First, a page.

Update September 17: This blog has been updated to reflect current guidance about California's expanded COVID-19 paid sick leave.
On September 9, 2020, Governor Gavin Newsom signed into law Assembly Bill 1867 which expands California employees' entitlement to COVID-19 paid sick leave (CPSL). The law parallels an executive order directed towards food sector workers that Governor Newsom signed this year, and extends that coverage to a broad swath of employers and employees throughout the state. The law also codifies a pre-existing handwashing requirement in the food sector, among other things.
Different parts of the law apply to different types of employers and will take effect at different times. These details are provided with respect to each part of the law, below.
Expanded COVID-19 Paid Sick Leave
What Employers Are Covered?
All employers—including healthcare providers—with 500 or more employees in the United States are "Covered Employers." In addition, employers with fewer than 500 employees that employ healthcare providers or emergency responders and that elected to exclude those employees from the federal Families First Coronavirus Response Act (FFCRA) are Covered Employers.
What Employees Are Covered?
All California employees who work at a Covered Employer are eligible for CPSL if they leave their home or other place of residence to perform work for the employer.
While characterized by some as a "gap-filler" to ensure available leave for employees working for employers with more than 500 employees, this law differs from the FFCRA in several respects. Notably, healthcare workers and emergency responders can be excluded from emergency paid sick leave under the FFCRA, but they cannot be excluded from the right to take CPSL.
Are Non-Employees Covered?
Outside of the food sector, only employees are covered. For the food sector, however, it appears that any worker is covered if he or she works as an employee or in another capacity for a Covered Employer that is in the food industry, that operates a food facility, or that delivers food from a food facility. (See here for a definition of "food sector worker.")
When Will the Law Be in Effect?
For food sector workers who were covered by the Governor's executive order, the law is retroactive to April 2020.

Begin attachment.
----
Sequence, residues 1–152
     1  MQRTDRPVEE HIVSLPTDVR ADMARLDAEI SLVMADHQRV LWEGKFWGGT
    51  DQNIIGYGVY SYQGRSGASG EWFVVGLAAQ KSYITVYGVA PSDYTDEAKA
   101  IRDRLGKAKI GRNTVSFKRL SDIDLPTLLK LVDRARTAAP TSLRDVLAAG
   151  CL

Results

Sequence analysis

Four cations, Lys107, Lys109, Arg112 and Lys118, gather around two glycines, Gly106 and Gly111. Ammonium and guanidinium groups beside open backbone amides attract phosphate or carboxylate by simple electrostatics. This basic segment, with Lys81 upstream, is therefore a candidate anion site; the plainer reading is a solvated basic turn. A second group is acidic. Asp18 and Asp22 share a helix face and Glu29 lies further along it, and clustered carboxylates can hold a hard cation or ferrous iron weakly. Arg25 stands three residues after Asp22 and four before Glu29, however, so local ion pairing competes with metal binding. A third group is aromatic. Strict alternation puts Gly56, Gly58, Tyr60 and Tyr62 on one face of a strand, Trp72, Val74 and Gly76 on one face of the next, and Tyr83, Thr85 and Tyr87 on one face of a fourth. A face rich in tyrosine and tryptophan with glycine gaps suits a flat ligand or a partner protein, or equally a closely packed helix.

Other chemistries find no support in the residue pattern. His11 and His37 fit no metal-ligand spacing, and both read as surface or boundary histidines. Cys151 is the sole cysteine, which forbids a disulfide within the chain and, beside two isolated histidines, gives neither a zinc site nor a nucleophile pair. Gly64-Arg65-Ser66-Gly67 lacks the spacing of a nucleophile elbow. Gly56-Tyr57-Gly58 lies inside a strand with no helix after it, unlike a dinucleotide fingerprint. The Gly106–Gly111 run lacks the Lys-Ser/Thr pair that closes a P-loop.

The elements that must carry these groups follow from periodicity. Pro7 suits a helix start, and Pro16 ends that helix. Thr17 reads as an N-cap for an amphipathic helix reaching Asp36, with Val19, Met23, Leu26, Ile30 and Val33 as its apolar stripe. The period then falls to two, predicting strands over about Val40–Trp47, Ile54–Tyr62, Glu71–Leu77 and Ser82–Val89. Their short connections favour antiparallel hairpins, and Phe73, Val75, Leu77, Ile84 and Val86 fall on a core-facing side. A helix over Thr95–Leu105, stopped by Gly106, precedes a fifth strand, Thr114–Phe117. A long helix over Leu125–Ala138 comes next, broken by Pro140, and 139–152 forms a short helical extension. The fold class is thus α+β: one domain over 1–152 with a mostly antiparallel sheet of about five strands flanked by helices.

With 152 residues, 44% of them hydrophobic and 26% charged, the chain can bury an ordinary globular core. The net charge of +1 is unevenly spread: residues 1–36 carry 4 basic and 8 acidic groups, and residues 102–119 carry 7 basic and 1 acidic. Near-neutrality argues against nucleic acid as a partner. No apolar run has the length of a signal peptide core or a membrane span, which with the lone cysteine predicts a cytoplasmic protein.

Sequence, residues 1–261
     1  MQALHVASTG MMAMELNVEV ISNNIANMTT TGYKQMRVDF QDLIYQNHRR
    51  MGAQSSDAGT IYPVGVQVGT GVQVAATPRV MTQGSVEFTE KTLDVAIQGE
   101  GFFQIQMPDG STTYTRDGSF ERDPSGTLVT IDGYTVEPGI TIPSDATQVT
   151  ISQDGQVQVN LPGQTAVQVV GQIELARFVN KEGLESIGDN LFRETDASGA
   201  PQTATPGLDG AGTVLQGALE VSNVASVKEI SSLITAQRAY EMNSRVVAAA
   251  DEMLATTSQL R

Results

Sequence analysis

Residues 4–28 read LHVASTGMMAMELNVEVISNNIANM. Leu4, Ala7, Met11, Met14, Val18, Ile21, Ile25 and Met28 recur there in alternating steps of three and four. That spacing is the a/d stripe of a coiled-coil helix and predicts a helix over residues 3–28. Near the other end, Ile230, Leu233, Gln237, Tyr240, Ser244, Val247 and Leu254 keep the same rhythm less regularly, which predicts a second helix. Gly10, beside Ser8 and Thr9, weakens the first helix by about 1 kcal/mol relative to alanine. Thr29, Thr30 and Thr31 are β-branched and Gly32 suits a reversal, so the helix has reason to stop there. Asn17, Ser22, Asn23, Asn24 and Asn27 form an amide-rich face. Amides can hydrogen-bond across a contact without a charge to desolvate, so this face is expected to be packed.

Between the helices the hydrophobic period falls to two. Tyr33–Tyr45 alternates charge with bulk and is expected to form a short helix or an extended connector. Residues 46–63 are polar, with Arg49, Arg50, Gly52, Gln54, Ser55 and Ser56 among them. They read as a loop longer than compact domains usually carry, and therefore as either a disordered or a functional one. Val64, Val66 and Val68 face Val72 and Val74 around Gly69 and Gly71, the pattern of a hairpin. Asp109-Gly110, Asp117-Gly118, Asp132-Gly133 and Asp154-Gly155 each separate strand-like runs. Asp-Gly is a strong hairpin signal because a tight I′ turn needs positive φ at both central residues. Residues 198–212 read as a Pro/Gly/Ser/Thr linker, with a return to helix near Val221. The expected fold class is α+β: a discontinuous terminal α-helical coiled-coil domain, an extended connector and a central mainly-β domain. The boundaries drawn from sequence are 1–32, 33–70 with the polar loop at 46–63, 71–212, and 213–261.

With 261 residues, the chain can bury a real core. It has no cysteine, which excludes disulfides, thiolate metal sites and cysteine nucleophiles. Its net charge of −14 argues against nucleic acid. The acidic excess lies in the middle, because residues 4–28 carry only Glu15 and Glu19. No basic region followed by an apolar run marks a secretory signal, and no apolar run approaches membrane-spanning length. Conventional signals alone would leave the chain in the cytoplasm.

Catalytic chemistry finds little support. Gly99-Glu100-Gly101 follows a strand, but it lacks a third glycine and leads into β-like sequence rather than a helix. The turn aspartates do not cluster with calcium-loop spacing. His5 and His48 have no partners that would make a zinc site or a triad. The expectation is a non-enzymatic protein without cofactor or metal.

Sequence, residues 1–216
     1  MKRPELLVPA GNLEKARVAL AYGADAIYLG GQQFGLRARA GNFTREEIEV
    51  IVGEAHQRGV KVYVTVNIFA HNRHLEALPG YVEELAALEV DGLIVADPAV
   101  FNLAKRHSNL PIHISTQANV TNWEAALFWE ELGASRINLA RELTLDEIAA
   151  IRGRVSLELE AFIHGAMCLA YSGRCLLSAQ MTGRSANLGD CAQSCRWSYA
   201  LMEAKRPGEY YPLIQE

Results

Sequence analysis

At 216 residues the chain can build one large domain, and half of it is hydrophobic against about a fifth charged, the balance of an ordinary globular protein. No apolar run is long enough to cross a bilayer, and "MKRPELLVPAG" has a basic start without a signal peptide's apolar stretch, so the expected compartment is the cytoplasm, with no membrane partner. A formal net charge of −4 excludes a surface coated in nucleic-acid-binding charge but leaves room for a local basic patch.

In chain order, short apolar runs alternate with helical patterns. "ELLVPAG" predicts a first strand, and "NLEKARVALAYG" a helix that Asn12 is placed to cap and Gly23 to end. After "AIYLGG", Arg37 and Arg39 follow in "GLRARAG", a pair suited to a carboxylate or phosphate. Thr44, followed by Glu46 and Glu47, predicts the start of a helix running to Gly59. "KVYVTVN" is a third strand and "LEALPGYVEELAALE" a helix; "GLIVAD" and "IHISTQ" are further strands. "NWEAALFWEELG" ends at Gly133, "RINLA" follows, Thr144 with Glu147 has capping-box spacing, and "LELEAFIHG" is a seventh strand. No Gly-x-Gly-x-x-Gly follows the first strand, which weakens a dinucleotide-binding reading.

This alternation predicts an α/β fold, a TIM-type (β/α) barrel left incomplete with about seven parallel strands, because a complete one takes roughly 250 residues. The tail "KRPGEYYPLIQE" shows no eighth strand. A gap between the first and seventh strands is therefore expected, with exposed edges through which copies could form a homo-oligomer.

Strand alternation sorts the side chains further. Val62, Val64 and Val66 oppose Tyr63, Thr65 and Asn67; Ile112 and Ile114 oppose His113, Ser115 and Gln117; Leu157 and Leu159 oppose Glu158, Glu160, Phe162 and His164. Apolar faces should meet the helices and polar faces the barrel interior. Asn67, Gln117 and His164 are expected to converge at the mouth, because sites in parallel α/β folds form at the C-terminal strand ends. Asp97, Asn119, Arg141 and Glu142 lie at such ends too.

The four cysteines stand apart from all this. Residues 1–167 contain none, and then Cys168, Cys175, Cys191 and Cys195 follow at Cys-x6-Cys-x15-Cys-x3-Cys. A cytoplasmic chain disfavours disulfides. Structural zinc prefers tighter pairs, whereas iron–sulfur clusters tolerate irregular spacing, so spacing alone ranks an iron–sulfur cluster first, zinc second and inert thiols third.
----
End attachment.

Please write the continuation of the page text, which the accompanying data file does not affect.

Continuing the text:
AB 1867 makes clear that leave already provided to food sector workers under the executive order counts against any leave time provided under the new law. In other words, food sector workers are not entitled to double up CPSL by adding another period of paid sick leave on top of the leave provided previously pursuant to the executive order.
For all other workers, the law takes effect within 10 days of its enactment—that is, by September 19, 2020. The law will remain in effect until December 31, 2020, or the expiration of any extension of emergency paid sick leave provided by the FFCRA, whichever is later.
What Leave Must Be Provided and Under What Circumstances?
Covered employers must provide supplemental paid sick leave to workers who would otherwise leave their home or residence for work and are unable to work due to any of the following reasons:
- Subject to a federal, state, or local COVID-19 quarantine or isolation order; or
- Whose healthcare provider advises the employee to self-quarantine or self-isolate due to concerns related to COVID-19; or
- Who is prohibited from working by the employer due to health concerns related to potential transmission of COVID-19.
Workers who are considered by the employer to be full-time are entitled to 80 hours of CPSL. Workers who are not full-time but who worked or were scheduled to work at least 40 hours, on average, per week in the two weeks preceding the date the worker takes leave are also entitled to 80 hours.